Finding Best Approach to Detecting HCV Among Persons with HIV


Study compares efficiency of expanding HCV screening for all persons with HIV to programs focused on those at higher risk of HCV.

A study comparing annual screening of HCV for all persons with HIV (PWH) or those at higher risk of contracting HCV found the risk-based approach produced a lower rate of screening, and involved a greater program burden to discern risk.The study could not distinguish between the approaches in detecting previously undiagnosed HCV.

"Although guidelines endorse the risk-based screening approach for PWH who have previously tested HCV negative, others have recommended a yearly annual screening approach as incident HCV cases may be missed if there is reliance on risk factor assessment," explained lead author Ritche Hao, MD, Yale University, New Haven, CT, and colleagues.

"Implementing either approach can be logistically challenging.The risk-based HCV annual screening strategy relies on active and periodic assessment of risk which can be difficult for busy providers," Hao and colleagues observed.

The investigators compared the approaches in a 7-month prospective, observational study between April 2019 and March 2020 in which they implemented an electronic medical records-derived risk-based HCV screening in two HIV clinics (which were also to follow existing guideline recommendations for annual HCV screening) and emphasizedconsistency in ordering annual HCV screening for all PWH in a third clinic. A longer study duration was planned, but was curtailed because of changes to clinic scheduling in the COVID-19 pandemic.

The risk factors for acquiring HCV from current guidelines were cisgender men or transgender women who have sex with men {ascertained with the Sexual Orientation Gender Identity [SOGI] assessment tool); and persons at risk for injection/intranasal illicit drug use (from current use of street or prescription opioids, methamphetamine or cocaine identified on the NIDA ASSIST screening tool from the National Institute on Drug Abuse).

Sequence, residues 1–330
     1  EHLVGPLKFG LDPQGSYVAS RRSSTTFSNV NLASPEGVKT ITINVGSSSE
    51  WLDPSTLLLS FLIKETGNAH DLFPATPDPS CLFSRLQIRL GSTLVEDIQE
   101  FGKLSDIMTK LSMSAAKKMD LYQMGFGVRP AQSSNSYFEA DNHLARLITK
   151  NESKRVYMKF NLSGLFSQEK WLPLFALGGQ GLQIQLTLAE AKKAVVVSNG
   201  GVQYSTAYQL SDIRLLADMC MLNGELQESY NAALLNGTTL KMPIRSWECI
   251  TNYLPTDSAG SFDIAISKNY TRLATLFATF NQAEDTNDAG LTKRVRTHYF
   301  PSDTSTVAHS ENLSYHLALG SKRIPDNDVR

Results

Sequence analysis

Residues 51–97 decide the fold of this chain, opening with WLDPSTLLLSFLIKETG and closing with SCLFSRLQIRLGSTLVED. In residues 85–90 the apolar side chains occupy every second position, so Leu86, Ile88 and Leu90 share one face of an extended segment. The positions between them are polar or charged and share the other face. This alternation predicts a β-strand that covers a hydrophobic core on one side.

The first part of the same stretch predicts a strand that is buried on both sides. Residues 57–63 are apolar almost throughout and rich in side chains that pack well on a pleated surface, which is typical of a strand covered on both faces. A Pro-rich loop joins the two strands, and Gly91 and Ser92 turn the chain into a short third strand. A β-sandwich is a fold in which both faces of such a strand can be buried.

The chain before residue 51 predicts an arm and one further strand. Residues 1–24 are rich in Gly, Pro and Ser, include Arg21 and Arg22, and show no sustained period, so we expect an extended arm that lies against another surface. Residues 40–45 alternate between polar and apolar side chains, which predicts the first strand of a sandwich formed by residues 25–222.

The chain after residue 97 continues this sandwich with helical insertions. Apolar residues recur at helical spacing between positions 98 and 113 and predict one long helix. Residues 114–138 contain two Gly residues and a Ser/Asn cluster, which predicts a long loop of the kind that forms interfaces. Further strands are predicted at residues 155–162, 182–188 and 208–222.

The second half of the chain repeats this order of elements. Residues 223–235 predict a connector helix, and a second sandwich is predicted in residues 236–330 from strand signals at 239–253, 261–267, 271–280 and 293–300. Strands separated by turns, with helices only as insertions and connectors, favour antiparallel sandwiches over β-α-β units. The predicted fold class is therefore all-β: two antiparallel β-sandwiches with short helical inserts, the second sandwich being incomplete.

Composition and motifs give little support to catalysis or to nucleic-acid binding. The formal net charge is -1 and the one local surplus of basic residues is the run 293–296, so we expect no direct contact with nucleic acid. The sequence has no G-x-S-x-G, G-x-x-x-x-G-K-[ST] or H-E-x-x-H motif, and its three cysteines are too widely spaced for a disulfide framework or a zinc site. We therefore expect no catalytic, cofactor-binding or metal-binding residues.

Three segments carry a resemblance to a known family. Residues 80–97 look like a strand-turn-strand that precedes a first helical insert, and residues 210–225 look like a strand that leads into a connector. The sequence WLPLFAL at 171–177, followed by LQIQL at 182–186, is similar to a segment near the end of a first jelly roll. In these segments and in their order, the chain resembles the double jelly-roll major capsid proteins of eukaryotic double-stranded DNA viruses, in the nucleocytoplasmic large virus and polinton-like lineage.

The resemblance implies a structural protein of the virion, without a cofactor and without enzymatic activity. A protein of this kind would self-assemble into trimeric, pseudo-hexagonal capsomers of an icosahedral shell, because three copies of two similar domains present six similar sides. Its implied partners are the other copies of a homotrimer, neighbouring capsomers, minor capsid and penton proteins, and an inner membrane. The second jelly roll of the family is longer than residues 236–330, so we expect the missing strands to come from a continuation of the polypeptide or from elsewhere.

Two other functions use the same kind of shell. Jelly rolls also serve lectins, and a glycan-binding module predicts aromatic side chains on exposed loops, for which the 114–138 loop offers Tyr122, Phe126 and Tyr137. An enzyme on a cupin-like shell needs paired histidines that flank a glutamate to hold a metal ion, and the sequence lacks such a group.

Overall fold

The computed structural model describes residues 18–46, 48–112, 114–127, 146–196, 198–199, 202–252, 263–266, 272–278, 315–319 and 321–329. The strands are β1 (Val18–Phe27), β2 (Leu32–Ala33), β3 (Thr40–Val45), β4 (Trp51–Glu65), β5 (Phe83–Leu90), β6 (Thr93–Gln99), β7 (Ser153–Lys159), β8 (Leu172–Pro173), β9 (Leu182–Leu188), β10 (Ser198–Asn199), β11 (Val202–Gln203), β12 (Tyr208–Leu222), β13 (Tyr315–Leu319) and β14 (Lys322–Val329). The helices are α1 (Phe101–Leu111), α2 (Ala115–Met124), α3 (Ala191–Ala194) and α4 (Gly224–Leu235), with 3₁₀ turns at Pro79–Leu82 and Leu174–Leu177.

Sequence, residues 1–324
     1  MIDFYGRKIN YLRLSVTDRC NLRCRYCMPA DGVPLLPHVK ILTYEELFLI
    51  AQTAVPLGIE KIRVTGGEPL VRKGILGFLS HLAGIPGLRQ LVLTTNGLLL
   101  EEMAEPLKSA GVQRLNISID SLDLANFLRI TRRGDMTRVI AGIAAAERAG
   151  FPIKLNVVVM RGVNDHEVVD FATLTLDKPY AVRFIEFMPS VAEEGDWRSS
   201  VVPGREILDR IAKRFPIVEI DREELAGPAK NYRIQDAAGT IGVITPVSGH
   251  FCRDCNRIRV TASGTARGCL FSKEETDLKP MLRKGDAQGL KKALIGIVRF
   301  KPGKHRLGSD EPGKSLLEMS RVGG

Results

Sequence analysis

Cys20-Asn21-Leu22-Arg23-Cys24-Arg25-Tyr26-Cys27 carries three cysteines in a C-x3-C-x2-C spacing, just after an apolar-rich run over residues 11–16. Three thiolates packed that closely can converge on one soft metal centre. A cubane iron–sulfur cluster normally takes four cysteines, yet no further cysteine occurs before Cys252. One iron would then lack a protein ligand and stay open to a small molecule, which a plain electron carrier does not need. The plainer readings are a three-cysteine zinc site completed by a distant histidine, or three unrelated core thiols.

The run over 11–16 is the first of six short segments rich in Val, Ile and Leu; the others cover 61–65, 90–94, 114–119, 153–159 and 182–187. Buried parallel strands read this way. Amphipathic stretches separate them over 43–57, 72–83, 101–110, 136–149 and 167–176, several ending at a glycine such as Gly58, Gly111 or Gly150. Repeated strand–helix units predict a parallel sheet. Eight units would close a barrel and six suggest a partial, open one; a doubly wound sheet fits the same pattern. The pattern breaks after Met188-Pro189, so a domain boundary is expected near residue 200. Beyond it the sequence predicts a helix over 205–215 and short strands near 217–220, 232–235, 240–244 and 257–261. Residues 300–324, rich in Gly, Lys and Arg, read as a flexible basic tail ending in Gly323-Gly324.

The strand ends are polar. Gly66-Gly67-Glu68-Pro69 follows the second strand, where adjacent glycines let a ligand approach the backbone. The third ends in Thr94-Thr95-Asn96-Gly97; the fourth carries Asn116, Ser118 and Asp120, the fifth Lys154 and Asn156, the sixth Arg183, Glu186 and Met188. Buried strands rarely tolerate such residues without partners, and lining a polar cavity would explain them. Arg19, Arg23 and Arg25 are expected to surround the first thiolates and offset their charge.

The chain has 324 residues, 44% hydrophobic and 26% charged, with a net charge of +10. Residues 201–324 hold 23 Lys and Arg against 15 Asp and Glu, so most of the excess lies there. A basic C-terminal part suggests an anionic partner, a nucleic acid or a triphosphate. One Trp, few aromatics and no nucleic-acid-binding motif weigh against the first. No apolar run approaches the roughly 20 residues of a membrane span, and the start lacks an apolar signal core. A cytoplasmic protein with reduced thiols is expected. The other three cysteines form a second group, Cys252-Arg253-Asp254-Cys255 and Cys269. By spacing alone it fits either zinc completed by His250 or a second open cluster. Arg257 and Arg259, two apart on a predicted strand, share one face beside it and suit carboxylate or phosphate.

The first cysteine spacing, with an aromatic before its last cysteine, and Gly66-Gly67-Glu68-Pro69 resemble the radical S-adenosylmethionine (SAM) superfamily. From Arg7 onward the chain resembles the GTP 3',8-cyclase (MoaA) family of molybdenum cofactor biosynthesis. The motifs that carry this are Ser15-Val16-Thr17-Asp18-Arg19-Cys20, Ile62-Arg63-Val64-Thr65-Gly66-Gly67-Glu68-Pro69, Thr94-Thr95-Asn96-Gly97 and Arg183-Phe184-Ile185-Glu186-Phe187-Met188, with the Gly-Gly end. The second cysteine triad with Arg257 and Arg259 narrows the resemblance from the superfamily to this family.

The investigators excluded assessment of some guideline-recommended high-risk behaviors such as intercourse without condom, they indicated, "due to high level of misreporting of sexual risk activity."

Two Best Practice Advisories (BPAs) on identifying the risk factors were developed to "pop up" on the EMR at the initiation of visits at the two clinics providing the risk-based screening. A third BPA during the visit prompted the clinical provider to order the screening labs for HCV for the person identified at risk. At the third HIV clinic, which received reminders and encouragement to conduct annual HCV screens for all patients, screening depended on provider review and ordering the HCV test.

"Although this study intended to compare a risk-based vs expanded annual screening approach, the three clinics had a hybrid of both practices. HCV screening involving provider discretion occurred at all sites," Hao and colleagues acknowledged.

Within limitations of the study, the investigators reported that at the two risk-based program sites, HCV testing was triggered by the BPAs in 10.3% of patients (139 of 1343) and by provider discretion in 7.4% (100 patients). Screening was conducted in 54.6% of patients (237 of 434) in the clinic in which expanded annual HCV screening was encouraged. There were no undiagnosed HCV cases detected at any of the clinics.

The investigators noted serial-drop-offs in orders for the HCV tests in the risk-based programs, and that the SOGI and NIDA screening rates were only between 69% and 82%.They attributed this, in part, "due to inherent delays in clinic staff implementing the process."They suggest that this, in turn, may reflect a selection bias in perceiving those at "low risk."

"Although...estimates suggest that the risk factor-based annual screening approach might be less costly overall, the additional staff costs of designing and implementing the BPA have not been accounted for," Hao and colleagues indicate. "It is possible that clinician-based strategies—ie, diagnostic testing based on clinical concerns for hepatitis—may be more cost-effective."

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